CCA 101

What is a CCA?

Community Choice Aggregation (CCA) allows municipalities to purchase electricity in bulk from suppliers on behalf of their residents, and to obtain some or all of their electricity from clean energy sources, such as solar, hydro, and wind. Currently, several municipalities in National Grid territory are forming a regional CCA to maximize purchasing power. This exploration is being facilitated by the volunteer organization Capital District Community Energy.

How much will it cost?

The CCA administrator will request non- binding bids to supply electricity. Bids can be requested for different “mixes” of energy sources. We are hopeful that 100% clean electricity can be purchased for less than National Grid’s average price. If this isn’t the case, the administrator will also request bids for less expensive electricity from a mix of clean and traditional energy sources. After receiving the bids, each municipality can independently choose a default electricity option for its residents and small businesses, or choose not to participate. Residents will be able to switch from the default option to another CCA option if offered, or another supplier entirely.

How does CCA work?

When the New York Public Service Commission (PSC) deregulated electricity in the late 1990s, it separated delivery from the supply of electricity. CCA will change only the default electricity supplier. Municipalities will work with an administrative organization to assist in identifying and contracting with the new supplier. Municipalities can choose a supply of 100% clean electricity if desired. National Grid will continue to deliver the electricity and provide a single bill.

What will change for me?

There will be no change in electric delivery. In CCA, National Grid will continue to deliver the electricity to homes and businesses, maintain the electric lines, and provide one bill for utilities. New York State, via the Public Service Commission, has chosen National Grid as the default electricity supplier (the supplier unless action is taken to change it). Through CCA, participating municipalities will select a new default electricity supplier for all eligible residents and small businesses. Residents will be able to select a different supplier, including National Grid, at any time.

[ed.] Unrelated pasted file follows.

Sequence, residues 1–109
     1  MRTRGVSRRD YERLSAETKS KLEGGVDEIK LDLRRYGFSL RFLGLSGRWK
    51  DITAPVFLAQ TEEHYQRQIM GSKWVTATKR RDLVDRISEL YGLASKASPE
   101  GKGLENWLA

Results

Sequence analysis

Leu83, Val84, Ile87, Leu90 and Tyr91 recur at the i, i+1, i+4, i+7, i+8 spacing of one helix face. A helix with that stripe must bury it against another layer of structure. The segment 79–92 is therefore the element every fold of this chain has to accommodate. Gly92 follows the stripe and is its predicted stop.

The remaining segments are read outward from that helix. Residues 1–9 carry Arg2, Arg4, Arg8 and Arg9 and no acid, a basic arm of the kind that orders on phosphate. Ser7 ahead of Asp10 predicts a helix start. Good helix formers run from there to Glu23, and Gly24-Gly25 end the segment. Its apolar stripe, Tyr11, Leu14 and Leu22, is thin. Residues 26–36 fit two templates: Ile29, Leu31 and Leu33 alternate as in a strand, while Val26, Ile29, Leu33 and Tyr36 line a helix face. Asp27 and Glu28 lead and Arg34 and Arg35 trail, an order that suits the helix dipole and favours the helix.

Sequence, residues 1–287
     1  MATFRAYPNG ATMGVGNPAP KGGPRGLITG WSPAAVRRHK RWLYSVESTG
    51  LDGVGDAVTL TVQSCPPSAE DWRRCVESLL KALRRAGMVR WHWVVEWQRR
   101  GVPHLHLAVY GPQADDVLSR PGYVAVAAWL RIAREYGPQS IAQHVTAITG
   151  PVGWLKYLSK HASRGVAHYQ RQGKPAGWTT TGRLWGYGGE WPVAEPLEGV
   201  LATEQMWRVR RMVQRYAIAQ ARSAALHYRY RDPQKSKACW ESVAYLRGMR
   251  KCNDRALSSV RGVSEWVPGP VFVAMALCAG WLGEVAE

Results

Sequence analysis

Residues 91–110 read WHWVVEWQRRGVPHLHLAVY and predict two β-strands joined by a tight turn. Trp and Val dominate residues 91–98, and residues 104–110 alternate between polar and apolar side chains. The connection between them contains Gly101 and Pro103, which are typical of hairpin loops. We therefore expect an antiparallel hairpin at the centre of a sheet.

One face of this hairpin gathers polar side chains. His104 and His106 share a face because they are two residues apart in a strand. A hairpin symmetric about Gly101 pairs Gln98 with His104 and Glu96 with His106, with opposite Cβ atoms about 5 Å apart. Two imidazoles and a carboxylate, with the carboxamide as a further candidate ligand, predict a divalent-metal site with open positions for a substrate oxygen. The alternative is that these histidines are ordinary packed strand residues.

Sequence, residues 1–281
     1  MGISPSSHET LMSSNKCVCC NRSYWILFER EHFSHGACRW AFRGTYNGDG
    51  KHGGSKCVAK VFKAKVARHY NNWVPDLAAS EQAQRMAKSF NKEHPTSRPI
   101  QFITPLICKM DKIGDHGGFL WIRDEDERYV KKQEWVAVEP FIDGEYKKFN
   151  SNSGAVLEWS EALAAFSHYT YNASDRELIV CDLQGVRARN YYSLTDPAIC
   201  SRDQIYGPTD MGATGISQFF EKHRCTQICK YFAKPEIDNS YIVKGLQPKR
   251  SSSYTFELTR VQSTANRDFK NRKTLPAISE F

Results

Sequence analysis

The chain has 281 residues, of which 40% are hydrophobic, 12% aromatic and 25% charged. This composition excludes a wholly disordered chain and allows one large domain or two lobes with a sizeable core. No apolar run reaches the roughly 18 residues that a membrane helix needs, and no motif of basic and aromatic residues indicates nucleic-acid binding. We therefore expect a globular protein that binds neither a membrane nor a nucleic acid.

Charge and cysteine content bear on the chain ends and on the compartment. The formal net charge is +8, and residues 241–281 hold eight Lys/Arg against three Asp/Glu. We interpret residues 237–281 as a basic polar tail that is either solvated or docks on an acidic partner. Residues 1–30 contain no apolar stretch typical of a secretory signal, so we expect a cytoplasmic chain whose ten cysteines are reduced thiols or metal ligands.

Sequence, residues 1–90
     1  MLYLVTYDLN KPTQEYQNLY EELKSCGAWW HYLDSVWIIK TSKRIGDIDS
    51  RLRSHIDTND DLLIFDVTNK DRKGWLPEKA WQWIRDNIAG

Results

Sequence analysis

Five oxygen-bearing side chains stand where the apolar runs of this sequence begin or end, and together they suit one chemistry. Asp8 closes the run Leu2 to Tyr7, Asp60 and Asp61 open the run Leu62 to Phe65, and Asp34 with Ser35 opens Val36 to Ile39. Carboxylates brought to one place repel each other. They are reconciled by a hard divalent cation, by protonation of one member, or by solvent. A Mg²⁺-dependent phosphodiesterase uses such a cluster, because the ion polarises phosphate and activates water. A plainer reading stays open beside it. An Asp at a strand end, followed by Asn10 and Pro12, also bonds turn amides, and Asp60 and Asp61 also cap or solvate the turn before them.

What are the benefits of CCA?

When a municipality purchases 100% clean energy, it has the same environmental impact as if all its home and small businesses have solar panels on their roofs. Electricity accounts for 19% of New York’s carbon emissions, so CCA is a path to significantly reducing our greenhouse gas emissions. CCA will likely feature a fixed-rate, multi-year contract with the selected electricity supplier, making prices stable for residents. By harnessing the purchasing power of tens of thousands of customers, clean energy can be purchased at a competitive price. The supplier will seek available local energy sources, which can create clean energy jobs.

What are the drawbacks of a CCA program?

CCA will feature fixed prices for the length of the contract, typically 2 or 3 years. National Grid’s prices could drop below the CCA’s price during the contract period, even if the CCA price starts lower. But if this occurs, residents can change to another supply option at any time. (Alternatively, National Grid’s rates could rise during this period, so locking in rates through CCA would be beneficial).

What is the process for a municipality to create a CCA program?

Here in the Capital District, the towns of Bethlehem, New Scotland, Guilderland, Saratoga Springs, and other municipalities have expressed interest in forming a region-wide CCA. The bigger the CCA, the more economic clout it has, and the greater ability to negotiate lower electricity rates. CCAs representing more than 40,000 households have the greatest purchasing power. Each interested municipality would need to do the following:

  1. Join the regional CCA program being facilitated by Capital District Community Energy.

  2. Enter into an Administration Agreement with the chosen administrator.

  3. Educate residents and hold a public hearing. All residents have the opportunity to express their opinion.

  4. Pass a local law to enable CCA.

  5. Work with the regional CCA and administrator to seek bids for electricity, including a 100% clean energy option.

  6. Select the electricity mix that’s right for its residents. Please ask your municipal leaders to join the regional CCA and select a 100% clean electricity supply for maximum environmental benefit.